Within the social constructivist theory, learning is explained as involving a complex interaction of interdependent social and individual processes that co-construct knowledge. The learner constructs his or her knowledge from a range of internal and external experiences where pre-existing schemas and knowledge are adapted to the newly acquired knowledge. Continue reading “Learning Theories in the Early Childhood Classroom”
Bestselling author, political adviser and social and ethical prophet Jeremy Rifkin investigates the evolution of empathy and the profound ways that it has shaped our development and our society.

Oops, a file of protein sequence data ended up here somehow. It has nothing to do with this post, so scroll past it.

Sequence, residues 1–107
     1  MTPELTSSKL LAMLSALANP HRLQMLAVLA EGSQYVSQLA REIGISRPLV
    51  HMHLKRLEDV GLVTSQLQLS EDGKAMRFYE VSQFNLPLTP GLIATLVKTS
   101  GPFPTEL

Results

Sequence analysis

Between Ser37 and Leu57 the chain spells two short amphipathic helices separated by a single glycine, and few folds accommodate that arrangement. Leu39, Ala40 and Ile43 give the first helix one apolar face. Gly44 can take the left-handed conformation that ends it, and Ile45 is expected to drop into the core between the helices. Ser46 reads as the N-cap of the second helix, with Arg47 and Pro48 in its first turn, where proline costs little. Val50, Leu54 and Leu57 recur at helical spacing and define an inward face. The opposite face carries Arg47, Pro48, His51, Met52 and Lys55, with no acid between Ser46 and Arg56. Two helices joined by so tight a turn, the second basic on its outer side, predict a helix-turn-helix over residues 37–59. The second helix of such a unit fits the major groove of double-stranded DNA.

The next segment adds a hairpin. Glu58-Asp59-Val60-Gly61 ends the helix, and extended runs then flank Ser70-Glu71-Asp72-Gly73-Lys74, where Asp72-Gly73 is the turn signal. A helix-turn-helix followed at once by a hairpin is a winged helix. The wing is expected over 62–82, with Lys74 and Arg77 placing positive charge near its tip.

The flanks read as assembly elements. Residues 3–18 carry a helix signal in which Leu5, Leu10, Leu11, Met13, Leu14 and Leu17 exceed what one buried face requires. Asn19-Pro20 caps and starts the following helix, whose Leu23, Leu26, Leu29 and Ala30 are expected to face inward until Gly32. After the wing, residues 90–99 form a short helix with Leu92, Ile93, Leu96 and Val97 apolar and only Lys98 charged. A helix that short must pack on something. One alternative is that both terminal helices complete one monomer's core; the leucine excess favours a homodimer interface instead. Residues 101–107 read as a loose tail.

I love the use of the whiteboard to illustrate his message–and what a great message it is. I was especially fascinated by the mention of mirror neurons.
Psychologists have done numerous studies with newborn infants to shed light on the notion of mirror neurons. One way that they discovered the existence of mirror neurons was when psychologists stuck out their tongues at babies, the babies would instinctively stick out their tongues in response–because that is one of the easiest motor movements that a baby can make right from birth.
Mirror neurons form the basis of our ability to learn and are very important in the development of the infant. Before we learned through rationalization, critical thinking and rote memorization, we learned by mimicking other people around us.